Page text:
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Temporal range: Late Triassic, 236–211.9 Ma
Speculative life restoration of Dromomeron gregorii in a bipedal stance
Scientific classification Edit this classification
Domain: Eukaryota
Kingdom: Animalia
Phylum: Chordata
Clade: Avemetatarsalia
Clade: Ornithodira
Clade: Pterosauromorpha
Family: Lagerpetidae
Arcucci, 1986

Lagerpetidae (/ˌlæərˈpɛtɪd/; originally Lagerpetonidae) is a family of basal avemetatarsalians. Though traditionally considered the earliest-diverging dinosauromorphs (reptiles closer to dinosaurs than to pterosaurs), fossils described in 2020 suggest that lagerpetids may instead be pterosauromorphs (closer to pterosaurs).[2][3] Lagerpetid fossils are known from the Late Triassic of Argentina, Arizona, Brazil, Madagascar, New Mexico, and Texas.[4][5][6][7][2] They were typically small, although some lagerpetids, like Dromomeron gigas and a specimen from the Santa Rosa Formation attributed to Dromomeron sp., were able to get quite large (femoral length 150–220 mm (5.9–8.7 in)).[8][9] Lagerpetid fossils are rare; the most common finds are bones of the hindlimbs, which possessed a number of unique features.[10]


As with most early avemetatarsalians, the most characteristic adaptations of lagerpetids occurred in their hip, leg and ankle bones, likely as a result of these being the bones most commonly preserved. Hip material is only known in Lagerpeton and Ixalerpeton, which share three adaptations of the ilium (upper blade of the hip). The supraacetabular crest, a ridge of bone which lies above the acetabulum (hip socket), is thickest above the middle portion of the acetabulum, rather than the front of it. However, it also extends further forwards than in most dinosauromorphs, snaking along the length of the pubic peduncle (the area of the ilium which connects to the pubis). The ilium's facet for the pubis opens downwards, a trait also acquired by ornithischian dinosaurs.[6] The hip in general was wide, had a closed acetabulum (i.e. one with a bony inner wall), and had two sacral vertebrae, lacking many specializations of later dinosauromorphs, like dinosaurs.[4]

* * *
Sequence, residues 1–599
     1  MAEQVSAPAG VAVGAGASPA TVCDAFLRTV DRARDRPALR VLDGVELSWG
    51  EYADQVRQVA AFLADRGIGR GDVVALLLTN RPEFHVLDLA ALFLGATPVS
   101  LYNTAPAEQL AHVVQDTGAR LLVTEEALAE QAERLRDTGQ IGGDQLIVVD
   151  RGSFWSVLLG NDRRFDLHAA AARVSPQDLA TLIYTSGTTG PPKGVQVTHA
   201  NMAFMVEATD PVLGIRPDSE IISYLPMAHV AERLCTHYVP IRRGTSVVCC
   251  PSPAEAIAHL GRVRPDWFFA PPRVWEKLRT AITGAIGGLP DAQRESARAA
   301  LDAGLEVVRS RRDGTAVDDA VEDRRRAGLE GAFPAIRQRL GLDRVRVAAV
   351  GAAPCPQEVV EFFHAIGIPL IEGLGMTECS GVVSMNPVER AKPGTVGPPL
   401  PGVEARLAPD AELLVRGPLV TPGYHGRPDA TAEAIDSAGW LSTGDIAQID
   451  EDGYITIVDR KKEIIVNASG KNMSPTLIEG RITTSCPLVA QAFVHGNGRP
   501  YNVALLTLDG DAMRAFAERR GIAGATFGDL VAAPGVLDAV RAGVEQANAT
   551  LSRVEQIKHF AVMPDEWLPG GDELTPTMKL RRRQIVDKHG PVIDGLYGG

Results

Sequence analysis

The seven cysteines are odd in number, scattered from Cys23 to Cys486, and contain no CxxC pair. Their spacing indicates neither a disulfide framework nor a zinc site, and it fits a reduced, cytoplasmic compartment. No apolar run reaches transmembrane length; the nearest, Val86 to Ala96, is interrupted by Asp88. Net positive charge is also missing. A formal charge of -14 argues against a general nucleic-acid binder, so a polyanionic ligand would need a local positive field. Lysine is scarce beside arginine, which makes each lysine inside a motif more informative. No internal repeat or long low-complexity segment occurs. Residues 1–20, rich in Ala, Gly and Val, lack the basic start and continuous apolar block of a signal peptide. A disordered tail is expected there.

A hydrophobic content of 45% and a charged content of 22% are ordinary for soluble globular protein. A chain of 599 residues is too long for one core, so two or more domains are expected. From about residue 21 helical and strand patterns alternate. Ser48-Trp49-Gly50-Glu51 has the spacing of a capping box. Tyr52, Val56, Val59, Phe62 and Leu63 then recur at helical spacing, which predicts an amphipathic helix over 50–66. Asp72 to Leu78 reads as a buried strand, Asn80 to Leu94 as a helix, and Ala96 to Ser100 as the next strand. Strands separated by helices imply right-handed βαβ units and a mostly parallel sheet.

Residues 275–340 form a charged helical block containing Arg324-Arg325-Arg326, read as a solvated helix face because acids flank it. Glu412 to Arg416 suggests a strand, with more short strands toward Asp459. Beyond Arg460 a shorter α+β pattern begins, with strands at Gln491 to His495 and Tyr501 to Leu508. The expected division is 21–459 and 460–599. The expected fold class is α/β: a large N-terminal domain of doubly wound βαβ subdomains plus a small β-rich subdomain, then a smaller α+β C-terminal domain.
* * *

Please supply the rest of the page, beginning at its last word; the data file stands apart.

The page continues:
Skeletal diagram of Ixalerpeton polesinensis, restored in a quadrupedal stance. Known elements in white and unknown in gray.

Like other early archosaurs (and archosaur relatives such as Euparkeria), the femur (thigh bone) was slender and S-shaped. The femoral head was thin when seen from above, and its apex projected about 45 degrees between medially (inwards) and anteriorly (forwards). Most archosaurs had three tubera (bumps) on their flattened femoral head, one at the middle of the anterolateral (forwards/outwards) surface, another at the middle of the posteromedial (backwards/inwards) surface, and a small third one which was near the apex of the femoral head. However, lagerpetids lack the anterolateral tuber, instead having an emargination in the head just below where the tuber would normally be expected. The femoral head itself was notably hook-shaped when seen from the side. The distal portion of the femur (i.e. the portion near the knee) had a pair of condyles (knobs) on either side of the rear surface, as well as a third knob-like structure known as a crista tibiofibularis, which was present just above the lateral condyle. The crista tibiofibularis was uniquely enlarged in lagerpetids, and undergoes further evolution in Ixalerpeton and particularly Dromomeron.[10]

The tibia and fibula (shin bones) were long and thin, with the tibia longer than the femur and generally resembling the tibia of early theropod dinosaurs.[6] The ankle was formed by two main bones: the astragalus (which contacts both the tibia and fibula), and the calcaneum (which only contacts the fibula). As with dinosauromorphs, the astragalus was twice as wide as the reduced calcaneum. In addition, the two bones were co-ossified (fused together), akin to the condition in pterosaurs and some early dinosaurs (coelophysoids, for example). A pair of small, pyramid-shaped structures rise up out of the astragalus, one in front of the facet for the tibia, and the other behind it. The one in front is similar to a structure found in dinosauriform ankles known as the anterior ascending process, and it may be homologous with it. However, the posterior ascending process (the one behind the tibial facet) is entirely unique to lagerpetids. The rear of the astragalus lacks a horizontal groove, similar to Tropidosuchus, theropods, and ornithischians, but unlike most other archosauriforms. Like pterosaurs and dinosaurs (but unlike Marasuchus and most other archosaurs), the facet on the calcaneum which receives the fibula is concave and there is no evidence of a pronounced rearward bump known as a calcaneal tuber.[10][6]